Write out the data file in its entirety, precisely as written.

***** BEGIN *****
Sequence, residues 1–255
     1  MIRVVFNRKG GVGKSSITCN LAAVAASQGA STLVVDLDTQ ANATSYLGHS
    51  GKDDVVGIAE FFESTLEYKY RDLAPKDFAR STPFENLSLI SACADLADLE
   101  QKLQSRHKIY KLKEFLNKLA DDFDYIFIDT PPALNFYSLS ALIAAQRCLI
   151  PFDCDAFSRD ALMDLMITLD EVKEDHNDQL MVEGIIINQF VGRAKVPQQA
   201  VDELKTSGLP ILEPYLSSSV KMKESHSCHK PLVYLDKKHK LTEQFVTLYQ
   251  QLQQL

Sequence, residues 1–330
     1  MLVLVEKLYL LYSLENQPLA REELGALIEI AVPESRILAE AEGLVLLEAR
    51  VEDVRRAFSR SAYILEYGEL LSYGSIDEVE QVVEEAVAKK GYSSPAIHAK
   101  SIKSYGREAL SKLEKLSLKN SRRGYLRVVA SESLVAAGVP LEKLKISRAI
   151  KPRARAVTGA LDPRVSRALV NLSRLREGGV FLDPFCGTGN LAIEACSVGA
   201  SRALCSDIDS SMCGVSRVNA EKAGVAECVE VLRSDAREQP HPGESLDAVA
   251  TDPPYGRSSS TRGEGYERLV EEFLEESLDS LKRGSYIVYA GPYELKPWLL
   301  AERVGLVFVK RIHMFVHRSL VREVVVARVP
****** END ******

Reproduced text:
Sequence, residues 1–255
     1  MIRVVFNRKG GVGKSSITCN LAAVAASQGA STLVVDLDTQ ANATSYLGHS
    51  GKDDVVGIAE FFESTLEYKY RDLAPKDFAR STPFENLSLI SACADLADLE
   101  QKLQSRHKIY KLKEFLNKLA DDFDYIFIDT PPALNFYSLS ALIAAQRCLI
   151  PFDCDAFSRD ALMDLMITLD EVKEDHNDQL MVEGIIINQF VGRAKVPQQA
   201  VDELKTSGLP ILEPYLSSSV KMKESHSCHK PLVYLDKKHK LTEQFVTLYQ
   251  QLQQL

Sequence, residues 1–330
     1  MLVLVEKLYL LYSLENQPLA REELGALIEI AVPESRILAE AEGLVLLEAR
    51  VEDVRRAFSR SAYILEYGEL LSYGSIDEVE QVVEEAVAKK GYSSPAIHAK
   101  SIKSYGREAL SKLEKLSLKN SRRGYLRVVA SESLVAAGVP LEKLKISRAI
   151  KPRARAVTGA LDPRVSRALV NLSRLREGGV FLDPFCGTGN LAIEACSVGA
   201  SRALCSDIDS SMCGVSRVNA EKAGVAECVE VLRSDAREQP HPGESLDAVA
   251  TDPPYGRSSS TRGEGYERLV EEFLEESLDS LKRGSYIVYA GPYELKPWLL
   301  AERVGLVFVK RIHMFVHRSL VREVVVARVP